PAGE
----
Looking at the Lateral Partner Market in 2010
Looking at the Lateral Partner Market in 2010
The Legal Intelligencer
By Robert B. Nourian
As the business and law firm communities breathe a sigh of relief as the books are closed on 2009, the focus has been turning squarely on the game plan for 2010. Law firm leaders are hopeful that they have the intensive period of crisis management behind them and a period of growth and investment ahead. A significant component of the growth and investment plan for most firms involves targeted lateral partner hiring.
Before looking at the lateral partner market in 2010, however, it's useful to summarize 2009 for context. In 2009, with the large law firm world experiencing a decline in revenues, clients positioning themselves for survival, and major peer firms dissolving, many partners with a significant client base were asking the following questions:
• Is my law firm financially healthy and is it positioned well enough to survive a sustained downturn or a new financial shock to the economy?
• Does it know where it's going? If so, does it have the right strategy, the financial resources and the right management to get it there?
• If it does get there (wherever that is), is that likely to be a place where my practice fits? Or will the firm structure and resources either be too much or too little for the needs of my practice and clients?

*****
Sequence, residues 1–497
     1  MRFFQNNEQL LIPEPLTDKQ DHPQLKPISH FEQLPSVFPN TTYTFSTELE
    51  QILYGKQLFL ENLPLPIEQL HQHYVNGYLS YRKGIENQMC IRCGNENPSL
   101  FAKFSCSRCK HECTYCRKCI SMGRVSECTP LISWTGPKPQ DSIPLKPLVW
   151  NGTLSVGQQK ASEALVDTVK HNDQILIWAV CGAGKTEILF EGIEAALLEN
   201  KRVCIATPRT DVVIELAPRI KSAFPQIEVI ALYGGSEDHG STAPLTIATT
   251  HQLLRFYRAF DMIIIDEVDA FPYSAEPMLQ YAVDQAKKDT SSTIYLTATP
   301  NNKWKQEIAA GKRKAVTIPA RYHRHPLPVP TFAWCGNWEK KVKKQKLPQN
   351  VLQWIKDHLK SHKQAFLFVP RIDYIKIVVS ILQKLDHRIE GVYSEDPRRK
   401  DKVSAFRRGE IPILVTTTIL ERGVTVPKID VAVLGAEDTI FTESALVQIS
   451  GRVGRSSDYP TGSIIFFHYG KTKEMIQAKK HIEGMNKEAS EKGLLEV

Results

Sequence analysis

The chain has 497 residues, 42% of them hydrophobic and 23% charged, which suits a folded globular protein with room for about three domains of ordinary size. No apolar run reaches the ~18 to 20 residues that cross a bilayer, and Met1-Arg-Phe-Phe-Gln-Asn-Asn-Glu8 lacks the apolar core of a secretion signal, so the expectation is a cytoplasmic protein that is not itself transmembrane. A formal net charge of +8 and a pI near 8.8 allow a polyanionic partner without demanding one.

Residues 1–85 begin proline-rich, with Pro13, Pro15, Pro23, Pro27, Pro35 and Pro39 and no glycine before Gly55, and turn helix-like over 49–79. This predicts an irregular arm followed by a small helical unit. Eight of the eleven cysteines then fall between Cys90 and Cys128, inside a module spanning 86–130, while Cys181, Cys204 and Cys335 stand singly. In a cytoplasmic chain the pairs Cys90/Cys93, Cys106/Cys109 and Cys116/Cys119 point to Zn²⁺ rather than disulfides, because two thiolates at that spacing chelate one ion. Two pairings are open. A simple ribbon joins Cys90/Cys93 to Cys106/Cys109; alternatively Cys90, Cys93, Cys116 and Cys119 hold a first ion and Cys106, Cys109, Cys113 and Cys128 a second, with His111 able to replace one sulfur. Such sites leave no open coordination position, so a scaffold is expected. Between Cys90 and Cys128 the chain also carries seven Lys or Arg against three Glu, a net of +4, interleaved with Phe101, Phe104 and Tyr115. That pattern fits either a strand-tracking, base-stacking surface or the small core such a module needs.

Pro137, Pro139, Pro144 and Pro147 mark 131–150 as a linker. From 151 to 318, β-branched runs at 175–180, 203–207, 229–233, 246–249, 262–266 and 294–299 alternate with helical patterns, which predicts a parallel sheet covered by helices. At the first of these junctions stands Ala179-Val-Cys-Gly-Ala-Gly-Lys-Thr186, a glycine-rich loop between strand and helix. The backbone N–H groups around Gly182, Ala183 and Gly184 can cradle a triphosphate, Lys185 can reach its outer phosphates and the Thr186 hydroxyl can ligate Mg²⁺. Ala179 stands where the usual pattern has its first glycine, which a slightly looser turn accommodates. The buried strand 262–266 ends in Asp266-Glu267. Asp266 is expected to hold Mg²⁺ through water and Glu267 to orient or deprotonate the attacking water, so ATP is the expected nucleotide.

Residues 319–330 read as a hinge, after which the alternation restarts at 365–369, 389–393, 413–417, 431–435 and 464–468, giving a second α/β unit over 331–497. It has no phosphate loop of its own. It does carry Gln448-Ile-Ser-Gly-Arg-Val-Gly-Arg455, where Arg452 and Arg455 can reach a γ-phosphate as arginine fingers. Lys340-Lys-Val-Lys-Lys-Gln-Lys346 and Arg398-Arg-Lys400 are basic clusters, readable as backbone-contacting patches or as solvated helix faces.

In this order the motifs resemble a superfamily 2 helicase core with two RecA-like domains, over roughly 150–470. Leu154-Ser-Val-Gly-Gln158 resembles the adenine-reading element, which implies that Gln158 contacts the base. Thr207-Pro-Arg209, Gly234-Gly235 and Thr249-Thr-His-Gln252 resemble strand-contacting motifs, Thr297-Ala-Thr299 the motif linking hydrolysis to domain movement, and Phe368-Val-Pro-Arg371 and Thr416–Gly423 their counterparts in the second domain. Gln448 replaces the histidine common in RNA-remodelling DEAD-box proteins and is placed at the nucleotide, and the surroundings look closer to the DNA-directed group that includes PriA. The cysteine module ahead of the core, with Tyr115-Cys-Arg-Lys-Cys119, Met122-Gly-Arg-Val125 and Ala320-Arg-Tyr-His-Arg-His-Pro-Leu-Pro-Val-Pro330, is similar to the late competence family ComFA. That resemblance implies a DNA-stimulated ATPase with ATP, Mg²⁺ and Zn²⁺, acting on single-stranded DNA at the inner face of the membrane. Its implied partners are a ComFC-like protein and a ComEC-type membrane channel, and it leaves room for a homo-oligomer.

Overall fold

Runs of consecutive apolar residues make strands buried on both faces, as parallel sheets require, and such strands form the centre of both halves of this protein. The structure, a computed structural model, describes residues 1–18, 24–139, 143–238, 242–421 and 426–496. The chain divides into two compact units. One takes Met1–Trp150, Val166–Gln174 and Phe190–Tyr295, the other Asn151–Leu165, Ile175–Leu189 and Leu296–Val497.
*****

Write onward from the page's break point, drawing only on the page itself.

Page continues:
Although they were asking questions and having legitimate concerns, many partners were sitting tight in 2009, unwilling to seriously consider making a move. The thresholds for lateral partner movement were higher on both ends: the individual partner's end and the incoming firm's end.
In the 2009 climate of high risk and uncertainty around the country's economic health and, on a micro basis, the stability and health of a partner's primary clients, many partners were reluctant to layer on the added risk (no matter how slight) of making a move to a new firm, despite the benefits it may have provided. On the law firm side, with mandates to rein in overhead and associate costs and trim back unproductive partners, it was politically unfeasible for most firms to take any chances on incoming lateral partners. That meant not making investments that weren't virtual sure things. As a result, only partners with large and highly predictable practices were being seriously considered by firms.
So what changes lay ahead in 2010? Will the lateral market loosen up? If firms are hiring, what will they be looking for in incoming partners?
I think, for one, the market will loosen up, albeit marginally. While the business and legal communities often have short memories, they aren't so short that law firms have forgotten the recent pain of having to quickly cut overhead, lay off lawyers and have very unpleasant conversations with underperforming partners. Recently going through this retrenchment period will certainly temper enthusiasm for any new spending.
And while profits may not look too bad when reviewing 2009 results, those numbers largely derive from having made large cost cuts, not from increased work. The challenge for 2010 is to increase revenue, since there isn't much, if any, excess cost remaining in the system.